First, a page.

• Ronald Tambunan Universitas Methodist Indonesia
Keywords: Plasmodium falciparum, temperature, asexual-stage, parasite multiplication


Plasmodium falciparum cause febrile illness and severe disease with multiple organ failure and death when treatment is delayed. Antipyretic treatment is standard, and inducing hypothermia has been proposed to protect the brain in cerebral malaria. Here, Singhaboot, et al. investigated the temperature dependence of asexual-stage parasite development and parasite multiplication in vitro. Plasmodium falciparum strain TM267 was incubated for 2 hours (short exposure) or 48 hours (long exposure) at different temperatures (32OC, 34OC, 35OC, 38OC, 39OC, and 40OC). The starting parasite developmental stage (ring, trophozoite, or schizont) varied between experiments. The parasite multiplication rate (PMR) was reduced under hyper- and hypothermic conditions; after continuous exposure, the mean PMR ± SD was 9.1 ± 1.2 at 37OC compared with 2.4 ± 1.8 at 32OC, 2.3 ± 0.4 at 34OC, and 0.4 ± 0.1 at 40OC (P < 0.01). Changes in PMR were not significant after 2-hour exposure at temperatures ranging from 32OC to 40OC. Morphological changes in parasite cytoplasm and nucleus could be observed after long exposure to low or high temperature. After 48-hour incubation, rosette formation (≥ 2 uninfected red blood cells bound to infected red blood cells) was decreased at 34OC or 39OC compared with that at 37OC. In conclusion, both hyper- and hypothermia reduce PMR and delay erythrocytic stage development of P. falciparum, subsequently reducing rosette formation.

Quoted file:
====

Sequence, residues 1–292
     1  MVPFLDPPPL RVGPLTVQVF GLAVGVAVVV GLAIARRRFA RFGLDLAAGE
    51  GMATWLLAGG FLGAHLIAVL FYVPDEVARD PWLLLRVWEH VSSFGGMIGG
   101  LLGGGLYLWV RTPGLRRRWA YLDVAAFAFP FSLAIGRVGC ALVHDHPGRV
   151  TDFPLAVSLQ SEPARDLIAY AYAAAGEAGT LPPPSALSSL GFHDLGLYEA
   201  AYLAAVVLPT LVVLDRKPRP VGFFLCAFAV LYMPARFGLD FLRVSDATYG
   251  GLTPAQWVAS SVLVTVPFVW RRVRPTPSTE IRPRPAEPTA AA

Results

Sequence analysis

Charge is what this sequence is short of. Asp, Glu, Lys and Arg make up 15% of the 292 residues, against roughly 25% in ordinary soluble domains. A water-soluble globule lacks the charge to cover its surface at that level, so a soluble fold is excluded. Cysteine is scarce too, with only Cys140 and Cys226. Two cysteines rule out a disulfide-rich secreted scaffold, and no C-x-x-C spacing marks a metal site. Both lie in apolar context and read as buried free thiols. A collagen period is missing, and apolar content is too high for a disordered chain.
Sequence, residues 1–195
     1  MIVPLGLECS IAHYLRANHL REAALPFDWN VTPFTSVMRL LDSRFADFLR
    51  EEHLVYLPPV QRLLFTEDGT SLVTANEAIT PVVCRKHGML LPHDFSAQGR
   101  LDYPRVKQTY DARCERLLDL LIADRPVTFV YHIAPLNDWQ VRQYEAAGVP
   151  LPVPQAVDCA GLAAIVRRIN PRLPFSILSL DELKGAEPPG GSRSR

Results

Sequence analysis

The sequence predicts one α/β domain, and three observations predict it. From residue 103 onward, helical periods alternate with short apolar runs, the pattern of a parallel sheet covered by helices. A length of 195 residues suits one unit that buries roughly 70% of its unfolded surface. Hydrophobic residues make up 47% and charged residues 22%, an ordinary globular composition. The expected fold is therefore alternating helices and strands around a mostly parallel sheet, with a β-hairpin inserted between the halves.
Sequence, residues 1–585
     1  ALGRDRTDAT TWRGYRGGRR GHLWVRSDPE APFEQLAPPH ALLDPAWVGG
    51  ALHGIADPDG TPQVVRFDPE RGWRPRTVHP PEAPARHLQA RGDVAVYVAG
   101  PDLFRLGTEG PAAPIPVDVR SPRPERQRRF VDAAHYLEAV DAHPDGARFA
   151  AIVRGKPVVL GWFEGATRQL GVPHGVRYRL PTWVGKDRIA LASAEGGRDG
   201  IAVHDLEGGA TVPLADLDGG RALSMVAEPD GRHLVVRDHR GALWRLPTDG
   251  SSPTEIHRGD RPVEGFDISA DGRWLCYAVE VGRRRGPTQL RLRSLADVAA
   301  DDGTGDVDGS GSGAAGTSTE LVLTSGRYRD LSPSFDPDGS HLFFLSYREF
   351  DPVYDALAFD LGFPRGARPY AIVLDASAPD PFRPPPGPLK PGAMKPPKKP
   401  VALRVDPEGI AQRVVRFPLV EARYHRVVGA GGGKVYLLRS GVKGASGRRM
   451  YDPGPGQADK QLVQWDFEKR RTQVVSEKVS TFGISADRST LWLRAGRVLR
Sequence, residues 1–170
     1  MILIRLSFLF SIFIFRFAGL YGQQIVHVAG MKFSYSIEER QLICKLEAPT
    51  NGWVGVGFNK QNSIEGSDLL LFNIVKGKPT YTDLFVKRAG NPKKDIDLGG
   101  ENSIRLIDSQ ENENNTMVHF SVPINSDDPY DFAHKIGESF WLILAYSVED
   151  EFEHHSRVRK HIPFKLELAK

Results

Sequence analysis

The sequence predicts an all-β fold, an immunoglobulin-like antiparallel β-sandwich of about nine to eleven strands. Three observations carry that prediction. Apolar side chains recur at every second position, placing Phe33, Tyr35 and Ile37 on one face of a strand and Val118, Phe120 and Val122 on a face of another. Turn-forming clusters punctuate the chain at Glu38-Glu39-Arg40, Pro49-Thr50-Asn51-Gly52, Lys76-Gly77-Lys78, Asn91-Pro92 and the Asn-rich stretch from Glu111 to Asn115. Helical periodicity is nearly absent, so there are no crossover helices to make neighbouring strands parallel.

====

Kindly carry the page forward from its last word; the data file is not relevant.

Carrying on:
Key words: Plasmodium falciparum, temperature, asexual-stage, parasite multiplication.